Brothers in arms: Pau Gasol stands up for Marc

Pau Gasol of the Spurs said the frustrations of his younger brother, Marc, with the struggling Grizzlies are understandable.

It’s been a long, difficult season for the Memphis Grizzlies.

The Grizzlies (18-44) have lost 13 consecutive games headed into a game at San Antonio at AT&T Center on Monday night, there second double-figure skid of the season, having dropped 11 in a row earlier. Memphis has the lowest winning percentage (.290) in the NBA and have the fewest numbers of victories in the league.

Monday’s game will seethe Gasol  brothers, Marc (Memphis) and Pau (San Antonio), on opposing sides, but Pau understands why his younger brother is struggling to accept the dismal season of the Grizzlies.

The team has decided to not play Marc in back-to-back games for the remainder of the season, a move of which Marc is not fond, but has accepted.

Pau Gasol understand his younger brother’s frustrations.

Marc Gasol and the Grizzlies have endured a trying season.

“Of course, he’s upset. He should be upset,” Pau said in a story published by the Commercial Appeal. “Any player who competes and cares would be upset. That’s a good sign from a player who cares and is a leader. He’s putting his body on the line and not quitting.”

Pau said he advised his brother to continue his professionalism and to remain mentally strong.

“What I told him is, ‘Do your best. Keep competing.’ That’s the only thing you can control,” Pau said. “You can’t control that one of your best players, Mike Conley, is out for the year. You can’t control that (Chandler) Parsons, one of your biggest signings, has an (injury) issue and so forth.

“All you can control is your effort, your work ethic, your mindset going into games.”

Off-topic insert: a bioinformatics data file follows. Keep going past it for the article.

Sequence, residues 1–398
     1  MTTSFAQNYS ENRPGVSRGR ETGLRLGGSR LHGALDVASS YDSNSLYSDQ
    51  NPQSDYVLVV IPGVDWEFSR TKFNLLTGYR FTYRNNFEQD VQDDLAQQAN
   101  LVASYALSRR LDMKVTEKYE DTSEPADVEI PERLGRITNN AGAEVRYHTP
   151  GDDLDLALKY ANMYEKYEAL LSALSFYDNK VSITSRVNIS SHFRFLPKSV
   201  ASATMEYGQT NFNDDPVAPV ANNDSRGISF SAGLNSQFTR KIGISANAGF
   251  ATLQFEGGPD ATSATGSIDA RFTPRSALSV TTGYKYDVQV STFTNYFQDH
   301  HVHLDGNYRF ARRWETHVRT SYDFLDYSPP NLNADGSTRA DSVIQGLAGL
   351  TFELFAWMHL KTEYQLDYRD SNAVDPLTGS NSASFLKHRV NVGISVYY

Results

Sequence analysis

Marc Gasol, 33, a three-time All-Star and former NBA Defensive Player of the Year, is having a down season compared to his own standards. He’s averaging 17.8, 7.5 rebounds, 4.0 assists and 1.5 blocks in 33.9 minutes in 59 games for the Grizzlies, but is shooting just 41.3 percent from the floor, including only, 32.8 percent from the 3-point line.

A season ago, the 7-foot-1, 255-pound Gasol averaged 19.5 points, shooting 45.9 percent from the field, including 38.8 percent from deep.

He has two seasons left on a maximum-salary deal signed in 2015, including an opt-out clause for the 2019-20 season in which Gasol is scheduled to be paid $25.6 million.

Pau Gasol, 37, who demanded a trade from Memphis in 2007, said he has not attempted to push his brother to follow his lead.

“It got to a point where I felt like I needed to be somewhere else to have a chance to win and be in a franchise that provided me with more consistency, and a shot at winning a championship,” said Pau, a two-time NBA champion with the Los Angeles Lakers. “That’s what I wanted at the time. I was 27 years old. Marc is at a different stage.

“Marc has enjoyed the best years of the franchise. They had very good teams. They’ve consistently been a competitive team. Right now, they’re going through a lot of changing with maybe some questionable decisions upstairs.

“It’s been a hard year. No question. Marc is a great professional. He gets upset, but he knows he has to just go out and play.”